But her face was suffused with innocence as she put on a show of being astonished that she and I just happened to have taken the same bus. When she invited me to sit down in the empty seat next to her, I had no choice but to comply. No sooner did I sit down than I could feel her body pressing up against me. She had a lot to say, but I didn’t take any of it in and had to keep nodding in order to give the impression I was following what she was saying. All this exasperated me, and when she quietly curled her hand around my fingers, I pushed her hand away. It maddened me that she could still carry on like this. Only then did she register how furious I was. She stopped talking, and naturally gave up on efforts at physical contact too. She turned away, feeling mistreated it seemed, and began to survey the bleak scenery. But she did not stay quiet for very long, for when the bus shuddered as it went over a bump she gave a giggle and murmured in my ear, “The baby felt that.”
Her joke only provoked me further. “Shut your mouth,” I muttered, through clenched teeth.
Later I saw a row of ships moored by the shore. Two of them had been stripped down to miserable-looking shells, and only one was still intact and undamaged. A few gray birds hovered over the seaweed on the shore.
Soon after the bus arrived at the station, two young people emerged from the exit. When a truck drove past, their bodies were obscured by the dust it threw up.
The boy, livid, walked on ahead without a word. The girl followed along behind, glancing apprehensively at his side-turned face. Instead of heading straight for the hospital, the boy turned into an alleyway, and the girl did the same. He did not stop until halfway down. There they watched as a middle-aged woman approached and then walked out onto the street.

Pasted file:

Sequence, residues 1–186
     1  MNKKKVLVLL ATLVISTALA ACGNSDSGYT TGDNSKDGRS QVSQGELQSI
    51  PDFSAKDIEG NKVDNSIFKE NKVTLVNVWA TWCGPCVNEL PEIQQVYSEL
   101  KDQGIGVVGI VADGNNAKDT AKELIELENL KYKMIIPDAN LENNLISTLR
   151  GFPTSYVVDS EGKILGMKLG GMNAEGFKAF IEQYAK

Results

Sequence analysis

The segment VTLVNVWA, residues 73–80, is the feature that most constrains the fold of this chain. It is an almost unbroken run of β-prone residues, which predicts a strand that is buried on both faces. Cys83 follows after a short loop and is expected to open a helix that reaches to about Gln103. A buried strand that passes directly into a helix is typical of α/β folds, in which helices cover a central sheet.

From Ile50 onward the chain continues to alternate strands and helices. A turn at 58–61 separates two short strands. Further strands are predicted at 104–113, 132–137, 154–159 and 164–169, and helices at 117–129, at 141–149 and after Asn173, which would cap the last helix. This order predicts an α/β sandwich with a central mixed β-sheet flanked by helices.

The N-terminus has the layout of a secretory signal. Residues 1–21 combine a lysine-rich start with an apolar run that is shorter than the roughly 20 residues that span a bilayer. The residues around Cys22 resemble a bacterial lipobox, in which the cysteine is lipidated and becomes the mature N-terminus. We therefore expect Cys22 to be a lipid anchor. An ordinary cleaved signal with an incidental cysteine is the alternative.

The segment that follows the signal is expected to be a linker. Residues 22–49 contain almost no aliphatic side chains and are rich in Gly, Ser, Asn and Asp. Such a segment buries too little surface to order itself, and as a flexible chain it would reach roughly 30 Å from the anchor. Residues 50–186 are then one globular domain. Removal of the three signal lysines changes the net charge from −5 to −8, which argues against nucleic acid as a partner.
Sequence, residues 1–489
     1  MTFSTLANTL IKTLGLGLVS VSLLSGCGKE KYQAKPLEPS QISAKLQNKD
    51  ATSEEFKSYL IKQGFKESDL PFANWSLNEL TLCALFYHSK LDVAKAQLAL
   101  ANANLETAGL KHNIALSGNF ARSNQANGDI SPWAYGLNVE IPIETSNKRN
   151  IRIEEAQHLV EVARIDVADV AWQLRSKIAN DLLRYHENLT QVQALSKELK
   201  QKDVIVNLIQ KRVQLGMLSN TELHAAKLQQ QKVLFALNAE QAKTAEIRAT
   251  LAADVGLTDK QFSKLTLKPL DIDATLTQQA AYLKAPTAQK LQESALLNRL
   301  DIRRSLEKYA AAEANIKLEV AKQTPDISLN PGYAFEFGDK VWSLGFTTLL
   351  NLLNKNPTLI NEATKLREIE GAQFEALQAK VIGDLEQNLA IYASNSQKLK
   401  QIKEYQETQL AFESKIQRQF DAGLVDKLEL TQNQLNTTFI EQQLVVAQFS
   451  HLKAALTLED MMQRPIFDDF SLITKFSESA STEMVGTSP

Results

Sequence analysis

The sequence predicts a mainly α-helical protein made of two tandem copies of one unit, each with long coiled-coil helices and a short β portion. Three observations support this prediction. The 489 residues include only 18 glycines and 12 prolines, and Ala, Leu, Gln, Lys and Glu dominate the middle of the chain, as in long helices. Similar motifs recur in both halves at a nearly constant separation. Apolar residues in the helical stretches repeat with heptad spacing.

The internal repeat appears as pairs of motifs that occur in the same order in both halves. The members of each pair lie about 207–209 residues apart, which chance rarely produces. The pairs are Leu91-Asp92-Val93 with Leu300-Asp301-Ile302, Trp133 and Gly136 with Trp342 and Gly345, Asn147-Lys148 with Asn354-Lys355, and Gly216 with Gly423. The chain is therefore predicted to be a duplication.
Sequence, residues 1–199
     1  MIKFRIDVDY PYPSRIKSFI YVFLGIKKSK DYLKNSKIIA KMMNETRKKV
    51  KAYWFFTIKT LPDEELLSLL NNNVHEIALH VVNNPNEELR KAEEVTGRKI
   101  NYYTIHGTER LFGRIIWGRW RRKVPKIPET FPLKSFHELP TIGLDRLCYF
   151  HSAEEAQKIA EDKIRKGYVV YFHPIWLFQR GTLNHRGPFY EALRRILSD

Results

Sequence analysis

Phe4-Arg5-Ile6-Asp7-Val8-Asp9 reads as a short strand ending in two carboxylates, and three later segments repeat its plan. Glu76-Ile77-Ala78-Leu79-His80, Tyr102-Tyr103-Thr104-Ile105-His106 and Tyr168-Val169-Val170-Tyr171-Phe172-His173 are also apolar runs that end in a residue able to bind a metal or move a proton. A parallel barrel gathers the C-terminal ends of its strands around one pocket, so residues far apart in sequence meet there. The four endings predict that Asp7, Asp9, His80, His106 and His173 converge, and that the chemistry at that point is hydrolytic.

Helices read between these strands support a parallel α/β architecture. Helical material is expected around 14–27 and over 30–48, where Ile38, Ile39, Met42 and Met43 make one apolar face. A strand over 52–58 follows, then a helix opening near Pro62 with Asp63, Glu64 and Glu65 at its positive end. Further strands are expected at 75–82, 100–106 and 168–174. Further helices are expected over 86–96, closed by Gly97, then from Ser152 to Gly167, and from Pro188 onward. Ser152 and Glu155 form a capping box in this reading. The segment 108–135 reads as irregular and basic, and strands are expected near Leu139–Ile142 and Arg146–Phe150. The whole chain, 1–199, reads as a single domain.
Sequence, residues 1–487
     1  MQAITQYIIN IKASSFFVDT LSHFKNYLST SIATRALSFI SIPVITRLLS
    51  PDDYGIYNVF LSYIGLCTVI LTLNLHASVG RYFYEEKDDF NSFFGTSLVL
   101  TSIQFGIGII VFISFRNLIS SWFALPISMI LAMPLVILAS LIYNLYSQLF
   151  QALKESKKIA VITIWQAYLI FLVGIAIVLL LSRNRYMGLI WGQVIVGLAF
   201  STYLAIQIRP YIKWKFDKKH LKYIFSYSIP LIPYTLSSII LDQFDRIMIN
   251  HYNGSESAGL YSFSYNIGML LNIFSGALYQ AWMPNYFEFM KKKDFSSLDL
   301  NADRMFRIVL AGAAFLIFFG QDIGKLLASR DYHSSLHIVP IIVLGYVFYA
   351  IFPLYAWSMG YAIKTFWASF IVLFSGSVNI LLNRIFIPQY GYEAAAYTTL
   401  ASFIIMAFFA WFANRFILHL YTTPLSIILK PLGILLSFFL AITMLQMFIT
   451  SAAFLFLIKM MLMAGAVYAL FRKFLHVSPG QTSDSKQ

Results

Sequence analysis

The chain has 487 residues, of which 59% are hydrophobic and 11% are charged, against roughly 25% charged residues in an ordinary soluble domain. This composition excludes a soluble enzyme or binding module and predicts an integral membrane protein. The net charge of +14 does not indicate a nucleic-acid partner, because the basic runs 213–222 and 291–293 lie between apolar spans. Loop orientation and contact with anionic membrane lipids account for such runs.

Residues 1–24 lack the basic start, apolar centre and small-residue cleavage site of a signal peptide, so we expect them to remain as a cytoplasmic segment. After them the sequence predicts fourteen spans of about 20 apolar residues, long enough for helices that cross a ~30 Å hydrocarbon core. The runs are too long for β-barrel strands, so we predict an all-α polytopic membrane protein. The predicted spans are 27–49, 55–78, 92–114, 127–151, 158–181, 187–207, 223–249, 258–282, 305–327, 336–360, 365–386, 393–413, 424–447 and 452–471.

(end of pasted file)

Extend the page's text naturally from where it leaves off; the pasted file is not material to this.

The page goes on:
“Why did you call me?” the boy barked.
The girl, hurt, looked at him. “I was afraid you’d get tired standing all the way.”
“How many times have I told you: don’t look at me!” he cried. “But you just kept on looking and calling my name and squeezing my hand.”
Two men approached from the end of the alley. The boy said nothing more, and the girl made no attempt to defend herself. The men looked at them curiously as they passed. Then the boy set off toward the end of the alley, and after a slight hesitation the girl followed.
They walked in silence along the street. Though no longer in a rage, the boy seemed increasingly fretful as they approached the hospital. He threw a glance at the girl, who was now gazing straight ahead, and he inferred from the look of hesitancy in her eyes that the hospital must be very close.
They arrived at the hospital lobby to find the registration office empty and desolate. The boy now lost his nerve so completely that he marched straight outside to the courtyard. Gripped by a fear that he might be held for questioning, he was simply not prepared to run the risk. She would have to confront the dangers alone, leaving him free to make his escape. By the time the girl joined him, he had thought of a way to conceal his spinelessness. It would really be too dangerous for him to stay with her, he said: other people would be able to tell in an instant what they had got up to. “Just go in by yourself,” he told her.
She made no protest and with a nod headed back inside. He watched as she went up to the window of the registration office, and when she took money from her pocket she showed no obvious stress. He heard her provide name and age—both were fake. These subterfuges were not things he had arranged ahead of time. “Gynecology,” he heard her say.
The word made him shudder. He detected a weariness in her voice. On leaving the window, she turned to look at him, and the medical record flapped in her hand as she went up the stairs.
The boy watched until her silhouette disappeared on the stairs; only then did he turn his gaze elsewhere. He felt his mood getting darker, and his breathing became labored. As he stood waiting, he looked out distractedly at the people on the street, then eyed the patients as they came down the stairs. Still no sign of her. He was seized with dread, a fear that upstairs his secret was being exposed. This thought became more and more real, until he couldn’t bear to stay in the hospital a moment longer. He crossed the street and didn’t stop when he got to the other side, but rushed straight into a shop.